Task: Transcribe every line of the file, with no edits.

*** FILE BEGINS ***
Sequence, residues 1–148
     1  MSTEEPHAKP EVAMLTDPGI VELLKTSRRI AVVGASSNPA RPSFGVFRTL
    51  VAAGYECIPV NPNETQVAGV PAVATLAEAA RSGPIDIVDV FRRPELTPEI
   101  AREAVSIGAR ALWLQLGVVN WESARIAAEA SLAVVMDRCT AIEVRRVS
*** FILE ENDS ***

Sequence, residues 1–148
     1  MSTEEPHAKP EVAMLTDPGI VELLKTSRRI AVVGASSNPA RPSFGVFRTL
    51  VAAGYECIPV NPNETQVAGV PAVATLAEAA RSGPIDIVDV FRRPELTPEI
   101  AREAVSIGAR ALWLQLGVVN WESARIAAEA SLAVVMDRCT AIEVRRVS